Who Will Get the Bill? Lessons from #EconHis on Scottish Independence #indyref

16 09 2014

What would happen to the UK’s current public debt if part of the country (Scotland) became an independent state? History may provide some answers to this question, as Irish independence in 1921 raised similar questions.

The NEP-HIS Blog

State dissolution, sovereign debt and default: Lessons from the UK and Ireland, 1920-1938


Nathan FOLEY-FISHER (nathan.c.foley-fisher@frb.gov)  Federal Reserve Board

Eoin MCLAUGHLIN  (eoin.mclaughlin@st-andrews.ac.uk) University of St Andrews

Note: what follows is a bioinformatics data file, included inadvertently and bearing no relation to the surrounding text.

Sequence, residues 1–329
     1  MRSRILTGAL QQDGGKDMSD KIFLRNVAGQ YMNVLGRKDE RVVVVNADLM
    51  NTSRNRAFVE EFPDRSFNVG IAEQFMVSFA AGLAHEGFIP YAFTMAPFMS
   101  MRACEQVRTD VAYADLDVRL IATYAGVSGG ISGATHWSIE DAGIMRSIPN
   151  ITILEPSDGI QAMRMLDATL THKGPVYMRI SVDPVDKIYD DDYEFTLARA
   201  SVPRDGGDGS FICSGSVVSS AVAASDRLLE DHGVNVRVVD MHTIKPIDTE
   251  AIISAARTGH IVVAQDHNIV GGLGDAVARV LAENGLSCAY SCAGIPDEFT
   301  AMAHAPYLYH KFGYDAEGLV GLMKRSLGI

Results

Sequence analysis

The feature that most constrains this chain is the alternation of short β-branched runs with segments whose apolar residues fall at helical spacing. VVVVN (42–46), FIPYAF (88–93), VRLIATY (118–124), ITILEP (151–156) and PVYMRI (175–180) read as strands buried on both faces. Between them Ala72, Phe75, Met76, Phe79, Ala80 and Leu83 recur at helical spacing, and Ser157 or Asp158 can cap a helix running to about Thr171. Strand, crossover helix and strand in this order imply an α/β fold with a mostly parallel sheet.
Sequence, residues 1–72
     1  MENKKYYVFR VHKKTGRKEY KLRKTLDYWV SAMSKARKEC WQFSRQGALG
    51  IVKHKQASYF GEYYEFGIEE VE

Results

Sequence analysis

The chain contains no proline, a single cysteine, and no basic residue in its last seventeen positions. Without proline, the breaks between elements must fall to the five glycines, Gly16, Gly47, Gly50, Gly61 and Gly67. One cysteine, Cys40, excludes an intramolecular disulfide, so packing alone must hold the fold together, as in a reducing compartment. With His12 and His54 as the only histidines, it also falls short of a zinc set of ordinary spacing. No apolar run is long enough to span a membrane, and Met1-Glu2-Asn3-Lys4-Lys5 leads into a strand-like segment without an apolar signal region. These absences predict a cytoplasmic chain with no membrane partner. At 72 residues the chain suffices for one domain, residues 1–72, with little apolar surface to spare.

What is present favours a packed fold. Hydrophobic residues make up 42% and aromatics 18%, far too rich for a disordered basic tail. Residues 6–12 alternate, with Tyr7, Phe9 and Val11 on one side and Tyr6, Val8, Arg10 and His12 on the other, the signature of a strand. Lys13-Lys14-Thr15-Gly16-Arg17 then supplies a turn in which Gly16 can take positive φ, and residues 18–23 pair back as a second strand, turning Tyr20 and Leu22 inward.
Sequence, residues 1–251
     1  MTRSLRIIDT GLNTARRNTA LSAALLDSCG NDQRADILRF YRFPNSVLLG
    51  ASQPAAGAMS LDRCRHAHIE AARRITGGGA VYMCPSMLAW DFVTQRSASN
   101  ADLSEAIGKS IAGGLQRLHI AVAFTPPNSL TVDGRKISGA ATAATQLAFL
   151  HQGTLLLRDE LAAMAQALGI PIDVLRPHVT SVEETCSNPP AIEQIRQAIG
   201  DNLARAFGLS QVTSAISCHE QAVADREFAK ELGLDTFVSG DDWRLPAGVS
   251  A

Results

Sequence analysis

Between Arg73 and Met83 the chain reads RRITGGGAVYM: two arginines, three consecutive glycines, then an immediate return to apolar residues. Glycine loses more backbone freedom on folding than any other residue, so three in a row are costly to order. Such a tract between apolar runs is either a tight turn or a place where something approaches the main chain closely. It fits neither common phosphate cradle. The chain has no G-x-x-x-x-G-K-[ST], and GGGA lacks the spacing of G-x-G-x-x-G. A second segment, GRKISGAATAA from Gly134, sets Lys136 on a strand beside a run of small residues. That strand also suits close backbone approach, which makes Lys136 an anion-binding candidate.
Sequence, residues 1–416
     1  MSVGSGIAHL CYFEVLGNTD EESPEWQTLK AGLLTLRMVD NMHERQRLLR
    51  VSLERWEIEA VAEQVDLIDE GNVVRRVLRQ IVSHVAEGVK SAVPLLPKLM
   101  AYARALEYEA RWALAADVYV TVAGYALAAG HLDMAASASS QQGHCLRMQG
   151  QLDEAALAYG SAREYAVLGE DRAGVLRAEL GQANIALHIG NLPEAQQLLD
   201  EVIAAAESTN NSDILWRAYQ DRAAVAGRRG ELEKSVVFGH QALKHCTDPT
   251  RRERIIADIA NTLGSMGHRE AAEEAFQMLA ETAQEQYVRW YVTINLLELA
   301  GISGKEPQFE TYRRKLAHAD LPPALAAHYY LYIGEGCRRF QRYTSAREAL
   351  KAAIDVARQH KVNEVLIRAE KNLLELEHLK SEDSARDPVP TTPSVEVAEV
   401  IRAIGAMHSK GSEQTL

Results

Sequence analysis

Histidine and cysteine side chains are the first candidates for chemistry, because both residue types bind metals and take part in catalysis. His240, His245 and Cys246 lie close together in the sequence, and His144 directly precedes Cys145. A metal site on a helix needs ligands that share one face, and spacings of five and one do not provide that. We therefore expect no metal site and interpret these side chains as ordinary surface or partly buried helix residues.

We study Ireland´s inheritance of debt following its secession from the United Kingdom at the beginning of the twentieth century. Exploiting structural differences in bonds guaranteed by the UK and Irish governments, we can identify perceived uncertainty about fiscal responsibility in the aftermath of the sovereign breakup. We document that Ireland´s default on intergovernmental payments was an important event. Although payments from the Irish government ceased, the UK government instructed its Treasury to continue making interest and principal repayments. As a result, the risk premium on the bonds the UK government had guaranteed fell to about zero. Our findings are consistent with persistent ambiguity about fiscal responsibility far-beyond sovereign breakup. We discuss the political and economic forces behind the…

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